Javier Blas, María Cruz de Carlos and José Manuel Matilla
746 pages; 980 color illustrations; hardcover with jacket; 24,5 x 30 cm
Spanish; jointly published with the Biblioteca Nacional de España; 2011
The shortage of engravers in sixteenth-century Spain prompted the arrival of a large group of foreign artists (mostly from France, Flanders and England), who contributed to the development of printed images that served the interests of the Spanish monarchy, breathing new life into engraving practices and languages between the reigns of Philip II and Philip IV.
This volume records and analyses the output of these engravers in Madrid, documenting their stays in the city, their commissions, and the production and meaning of the images executed in their workshops. This information is compiled into an exhaustive study of their works featuring more than a thousand catalogue raisonné entries with illustrations, which will be a key reference work for scholars of the arts and printing in Habsburg Spain.
Javier Blas is a corresponding member of the Real Academia de Bellas Artes de San Fernando, where he currently holds the post of coordinator of projects and institutional relations. He was previously director of the Calcografía Nacional (2000–6), head of Collections at the Museo Nacional Centro de Arte Reina Sofía (2006–8), and a collaborator with the Department of Drawings and Prints at the Museo del Prado (2009–11). As an expert in graphic art, he has directed the Centro de la Estampa Digital, and has been a member of the technical committee of Estampa and advisor at Ingráfica. He is also scientific editor and a member of the editorial board of the journal Goya.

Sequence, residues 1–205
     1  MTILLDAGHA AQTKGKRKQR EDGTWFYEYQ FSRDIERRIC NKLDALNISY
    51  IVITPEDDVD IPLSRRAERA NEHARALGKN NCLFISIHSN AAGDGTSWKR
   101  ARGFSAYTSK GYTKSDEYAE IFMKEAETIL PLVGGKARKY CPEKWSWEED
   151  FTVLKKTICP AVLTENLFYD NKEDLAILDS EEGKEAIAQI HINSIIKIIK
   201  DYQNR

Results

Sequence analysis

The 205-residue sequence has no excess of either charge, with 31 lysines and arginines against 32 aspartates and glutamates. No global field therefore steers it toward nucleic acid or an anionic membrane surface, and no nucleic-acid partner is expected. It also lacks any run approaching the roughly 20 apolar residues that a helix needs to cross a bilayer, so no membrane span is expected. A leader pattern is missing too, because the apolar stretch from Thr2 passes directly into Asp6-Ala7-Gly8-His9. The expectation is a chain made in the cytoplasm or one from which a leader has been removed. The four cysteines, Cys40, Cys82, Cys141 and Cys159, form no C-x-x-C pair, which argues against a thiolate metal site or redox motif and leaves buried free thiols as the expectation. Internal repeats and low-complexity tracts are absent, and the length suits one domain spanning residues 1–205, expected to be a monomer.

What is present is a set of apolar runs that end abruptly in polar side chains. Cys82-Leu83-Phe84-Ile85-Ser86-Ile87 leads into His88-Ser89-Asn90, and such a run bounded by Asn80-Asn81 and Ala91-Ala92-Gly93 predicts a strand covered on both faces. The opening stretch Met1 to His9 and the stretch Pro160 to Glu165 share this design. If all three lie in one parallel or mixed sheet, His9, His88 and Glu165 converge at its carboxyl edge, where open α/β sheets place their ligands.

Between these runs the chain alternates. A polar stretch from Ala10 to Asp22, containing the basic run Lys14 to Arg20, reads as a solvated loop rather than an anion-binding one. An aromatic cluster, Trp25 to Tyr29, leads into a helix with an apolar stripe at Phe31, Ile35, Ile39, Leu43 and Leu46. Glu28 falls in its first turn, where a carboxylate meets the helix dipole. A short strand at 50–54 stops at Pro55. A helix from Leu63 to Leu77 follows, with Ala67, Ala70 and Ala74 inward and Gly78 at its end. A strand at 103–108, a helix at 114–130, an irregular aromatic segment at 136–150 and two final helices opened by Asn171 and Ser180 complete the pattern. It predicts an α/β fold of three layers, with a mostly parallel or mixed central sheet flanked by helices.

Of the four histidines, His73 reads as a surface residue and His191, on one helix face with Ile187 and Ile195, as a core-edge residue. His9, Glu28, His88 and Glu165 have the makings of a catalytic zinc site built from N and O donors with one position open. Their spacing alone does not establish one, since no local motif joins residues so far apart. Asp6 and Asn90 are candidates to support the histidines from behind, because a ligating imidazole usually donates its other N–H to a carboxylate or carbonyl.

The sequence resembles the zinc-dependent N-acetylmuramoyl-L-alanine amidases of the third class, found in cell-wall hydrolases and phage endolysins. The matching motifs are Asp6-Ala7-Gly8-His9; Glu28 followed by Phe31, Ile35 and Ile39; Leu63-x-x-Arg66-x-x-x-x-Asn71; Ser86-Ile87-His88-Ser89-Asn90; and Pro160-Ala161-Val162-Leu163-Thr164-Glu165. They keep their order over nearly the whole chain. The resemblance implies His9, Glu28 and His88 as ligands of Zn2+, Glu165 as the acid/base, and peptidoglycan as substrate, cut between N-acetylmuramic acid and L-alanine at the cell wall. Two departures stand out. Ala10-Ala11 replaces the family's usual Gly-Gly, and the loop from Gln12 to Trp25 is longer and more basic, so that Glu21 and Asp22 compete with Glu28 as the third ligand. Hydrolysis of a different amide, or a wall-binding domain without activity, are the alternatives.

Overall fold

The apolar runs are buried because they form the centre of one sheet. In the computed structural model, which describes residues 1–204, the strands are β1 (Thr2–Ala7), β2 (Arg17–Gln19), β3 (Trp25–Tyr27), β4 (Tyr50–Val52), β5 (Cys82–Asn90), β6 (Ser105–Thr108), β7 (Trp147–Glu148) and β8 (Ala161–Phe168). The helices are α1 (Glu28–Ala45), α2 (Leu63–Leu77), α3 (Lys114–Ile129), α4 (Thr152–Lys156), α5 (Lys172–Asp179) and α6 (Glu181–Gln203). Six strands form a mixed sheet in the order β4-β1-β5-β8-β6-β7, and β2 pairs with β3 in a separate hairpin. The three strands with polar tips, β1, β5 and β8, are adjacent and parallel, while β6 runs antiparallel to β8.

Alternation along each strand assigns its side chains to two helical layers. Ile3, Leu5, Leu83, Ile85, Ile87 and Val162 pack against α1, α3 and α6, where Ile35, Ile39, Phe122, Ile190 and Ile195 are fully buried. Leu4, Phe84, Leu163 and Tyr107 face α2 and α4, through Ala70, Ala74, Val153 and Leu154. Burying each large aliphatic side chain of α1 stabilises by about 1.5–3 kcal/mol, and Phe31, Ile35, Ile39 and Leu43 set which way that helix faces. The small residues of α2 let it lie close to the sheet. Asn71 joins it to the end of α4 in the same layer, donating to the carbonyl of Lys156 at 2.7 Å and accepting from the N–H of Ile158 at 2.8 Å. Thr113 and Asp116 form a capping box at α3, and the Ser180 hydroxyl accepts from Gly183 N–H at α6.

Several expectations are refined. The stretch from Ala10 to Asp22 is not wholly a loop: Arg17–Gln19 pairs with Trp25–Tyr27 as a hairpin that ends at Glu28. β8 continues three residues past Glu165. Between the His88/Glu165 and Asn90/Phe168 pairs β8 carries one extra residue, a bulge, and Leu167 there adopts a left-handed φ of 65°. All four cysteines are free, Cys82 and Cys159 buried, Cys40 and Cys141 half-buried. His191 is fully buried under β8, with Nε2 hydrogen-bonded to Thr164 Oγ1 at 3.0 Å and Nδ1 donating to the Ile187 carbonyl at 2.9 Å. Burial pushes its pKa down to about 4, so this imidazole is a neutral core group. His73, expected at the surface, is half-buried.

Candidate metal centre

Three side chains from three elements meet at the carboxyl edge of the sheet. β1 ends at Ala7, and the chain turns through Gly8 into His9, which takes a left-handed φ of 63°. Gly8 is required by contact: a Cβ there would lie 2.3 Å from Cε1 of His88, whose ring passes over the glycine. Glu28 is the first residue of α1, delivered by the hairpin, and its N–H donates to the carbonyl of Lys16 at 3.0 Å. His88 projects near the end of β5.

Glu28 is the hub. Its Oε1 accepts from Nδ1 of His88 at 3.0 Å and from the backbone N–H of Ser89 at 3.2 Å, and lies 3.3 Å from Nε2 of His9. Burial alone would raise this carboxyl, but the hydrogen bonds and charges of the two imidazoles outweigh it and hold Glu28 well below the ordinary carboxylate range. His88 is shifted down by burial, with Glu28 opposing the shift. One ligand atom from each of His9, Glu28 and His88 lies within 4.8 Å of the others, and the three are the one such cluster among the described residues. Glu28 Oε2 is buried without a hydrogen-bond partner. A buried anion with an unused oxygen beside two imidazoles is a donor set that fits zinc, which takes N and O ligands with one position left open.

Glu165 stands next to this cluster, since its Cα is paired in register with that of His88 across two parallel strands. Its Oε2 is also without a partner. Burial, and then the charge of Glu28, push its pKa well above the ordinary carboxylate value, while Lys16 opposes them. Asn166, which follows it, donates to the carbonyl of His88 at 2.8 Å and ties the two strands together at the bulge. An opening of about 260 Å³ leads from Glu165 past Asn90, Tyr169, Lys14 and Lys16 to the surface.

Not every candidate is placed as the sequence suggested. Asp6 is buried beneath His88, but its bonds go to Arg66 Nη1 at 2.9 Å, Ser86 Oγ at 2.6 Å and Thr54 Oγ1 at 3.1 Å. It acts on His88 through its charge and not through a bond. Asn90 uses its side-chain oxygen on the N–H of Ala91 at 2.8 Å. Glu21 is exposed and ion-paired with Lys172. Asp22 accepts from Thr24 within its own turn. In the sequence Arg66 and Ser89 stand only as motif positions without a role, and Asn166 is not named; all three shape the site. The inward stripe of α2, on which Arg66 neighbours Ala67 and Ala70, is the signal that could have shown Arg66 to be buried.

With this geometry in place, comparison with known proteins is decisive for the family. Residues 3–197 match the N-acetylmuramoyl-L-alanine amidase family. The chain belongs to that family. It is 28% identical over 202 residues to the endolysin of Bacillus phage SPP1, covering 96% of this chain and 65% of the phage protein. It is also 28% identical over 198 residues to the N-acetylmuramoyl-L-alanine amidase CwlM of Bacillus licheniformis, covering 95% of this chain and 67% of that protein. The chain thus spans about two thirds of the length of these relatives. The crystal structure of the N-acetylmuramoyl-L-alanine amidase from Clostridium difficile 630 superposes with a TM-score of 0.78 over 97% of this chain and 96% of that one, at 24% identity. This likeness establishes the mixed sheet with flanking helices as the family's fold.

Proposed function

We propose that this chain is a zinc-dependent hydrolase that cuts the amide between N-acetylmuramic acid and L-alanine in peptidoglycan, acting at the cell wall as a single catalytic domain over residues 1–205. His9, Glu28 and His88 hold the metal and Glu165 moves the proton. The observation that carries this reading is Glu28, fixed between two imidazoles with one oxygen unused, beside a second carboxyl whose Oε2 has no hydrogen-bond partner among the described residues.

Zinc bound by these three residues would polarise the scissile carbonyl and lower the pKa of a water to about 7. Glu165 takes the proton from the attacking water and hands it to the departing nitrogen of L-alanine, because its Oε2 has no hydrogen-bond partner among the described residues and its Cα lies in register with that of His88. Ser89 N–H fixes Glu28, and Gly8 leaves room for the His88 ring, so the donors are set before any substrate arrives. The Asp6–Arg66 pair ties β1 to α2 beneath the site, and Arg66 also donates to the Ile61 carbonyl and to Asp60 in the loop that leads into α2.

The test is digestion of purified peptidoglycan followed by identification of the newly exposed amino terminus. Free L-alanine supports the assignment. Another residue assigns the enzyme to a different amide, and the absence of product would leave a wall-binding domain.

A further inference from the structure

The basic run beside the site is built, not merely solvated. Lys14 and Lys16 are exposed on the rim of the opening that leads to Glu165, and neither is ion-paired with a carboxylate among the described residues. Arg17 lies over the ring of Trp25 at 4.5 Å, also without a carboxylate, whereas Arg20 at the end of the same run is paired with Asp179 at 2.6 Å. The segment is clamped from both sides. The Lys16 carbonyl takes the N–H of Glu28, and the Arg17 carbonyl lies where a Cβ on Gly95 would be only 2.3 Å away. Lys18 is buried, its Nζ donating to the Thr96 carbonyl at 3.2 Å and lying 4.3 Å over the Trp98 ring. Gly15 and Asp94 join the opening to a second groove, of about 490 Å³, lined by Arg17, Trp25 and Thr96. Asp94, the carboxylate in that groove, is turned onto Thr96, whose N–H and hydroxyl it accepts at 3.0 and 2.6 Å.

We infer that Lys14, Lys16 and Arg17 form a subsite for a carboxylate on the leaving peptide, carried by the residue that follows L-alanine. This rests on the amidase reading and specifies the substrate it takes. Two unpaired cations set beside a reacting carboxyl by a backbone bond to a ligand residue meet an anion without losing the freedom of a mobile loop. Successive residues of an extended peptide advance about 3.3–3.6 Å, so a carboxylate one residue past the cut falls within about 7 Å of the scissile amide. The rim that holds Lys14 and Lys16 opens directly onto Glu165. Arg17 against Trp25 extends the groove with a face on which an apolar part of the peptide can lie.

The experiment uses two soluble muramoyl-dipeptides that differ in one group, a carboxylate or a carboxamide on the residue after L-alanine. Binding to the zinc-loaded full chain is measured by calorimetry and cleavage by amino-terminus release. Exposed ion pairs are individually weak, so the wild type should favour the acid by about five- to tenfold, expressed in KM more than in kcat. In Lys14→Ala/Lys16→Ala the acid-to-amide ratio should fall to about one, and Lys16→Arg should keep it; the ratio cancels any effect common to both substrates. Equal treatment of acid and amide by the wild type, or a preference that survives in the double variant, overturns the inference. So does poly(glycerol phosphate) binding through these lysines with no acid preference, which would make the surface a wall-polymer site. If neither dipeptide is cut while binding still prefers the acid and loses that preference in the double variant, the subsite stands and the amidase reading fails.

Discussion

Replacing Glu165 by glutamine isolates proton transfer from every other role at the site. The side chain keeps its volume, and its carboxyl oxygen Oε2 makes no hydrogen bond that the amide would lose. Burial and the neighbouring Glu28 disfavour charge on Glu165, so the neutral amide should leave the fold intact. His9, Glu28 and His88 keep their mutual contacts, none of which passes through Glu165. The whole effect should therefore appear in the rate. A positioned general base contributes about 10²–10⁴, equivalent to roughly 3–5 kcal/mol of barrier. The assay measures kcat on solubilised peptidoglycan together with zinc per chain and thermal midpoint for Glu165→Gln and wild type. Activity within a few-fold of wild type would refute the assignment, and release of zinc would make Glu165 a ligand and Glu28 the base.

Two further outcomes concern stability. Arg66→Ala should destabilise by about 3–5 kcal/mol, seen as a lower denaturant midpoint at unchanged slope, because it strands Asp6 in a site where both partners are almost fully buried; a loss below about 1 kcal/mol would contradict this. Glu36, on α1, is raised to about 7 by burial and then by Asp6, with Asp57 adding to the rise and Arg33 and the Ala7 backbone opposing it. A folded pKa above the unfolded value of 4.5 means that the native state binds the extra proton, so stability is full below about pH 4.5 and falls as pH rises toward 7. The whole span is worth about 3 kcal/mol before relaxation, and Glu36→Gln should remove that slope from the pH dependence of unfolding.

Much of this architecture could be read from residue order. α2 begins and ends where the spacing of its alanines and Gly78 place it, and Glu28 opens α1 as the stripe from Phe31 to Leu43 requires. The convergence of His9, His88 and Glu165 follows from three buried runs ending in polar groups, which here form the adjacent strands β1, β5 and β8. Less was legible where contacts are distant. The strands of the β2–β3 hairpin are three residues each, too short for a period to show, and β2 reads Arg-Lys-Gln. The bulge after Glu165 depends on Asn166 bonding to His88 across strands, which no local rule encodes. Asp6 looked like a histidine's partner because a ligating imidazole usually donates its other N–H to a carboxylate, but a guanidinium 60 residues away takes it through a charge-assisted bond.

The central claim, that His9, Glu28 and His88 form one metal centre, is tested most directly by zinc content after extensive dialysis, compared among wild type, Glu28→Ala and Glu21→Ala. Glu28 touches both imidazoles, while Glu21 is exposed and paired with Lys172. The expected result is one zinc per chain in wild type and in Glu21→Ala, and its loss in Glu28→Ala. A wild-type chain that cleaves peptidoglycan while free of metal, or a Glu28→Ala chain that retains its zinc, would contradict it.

María Cruz de Carlos Varona is a lecturer at the Department of Art History and Theory of the Universidad Autónoma in Madrid. She worked at the Museo del Prado from 2013 to 2016, both in the Department of Drawings and Prints and at the Prado School. Her lines of research, centred on the Modern Age, encompass the artistic culture of women, religious images, and the history and culture of prints. Her work in these three areas has appeared in many Spanish and international publications and she has also organised several courses and seminars.
José Manuel Matilla is head of the Department of Drawings and Prints at the Museo Nacional del Prado, where he designed the comprehensive program for the acquisition, study, publication, and exhibition of Francisco de Goya’s series of prints, which resulted in the exhibitions devoted to the Disparates (1999), Caprichos (1999–2000), Disasters of War (2001) and Tauromaquia (2002–3). He has curated the exhibitions Alonso Cano. Dibujos (2001), Imágenes del Quijote. Modelos de representación en las ediciones de los siglos XVII a XIX (2003), El Grafoscopio. Un siglo de miradas al Museo del Prado (1819–1920) and De Miguel Ángel a Annibale Carracci. Un siglo de dibujos italianos en el Museo del Prado (both in 2004), and Durero. Obras maestras de la Albertina (2005).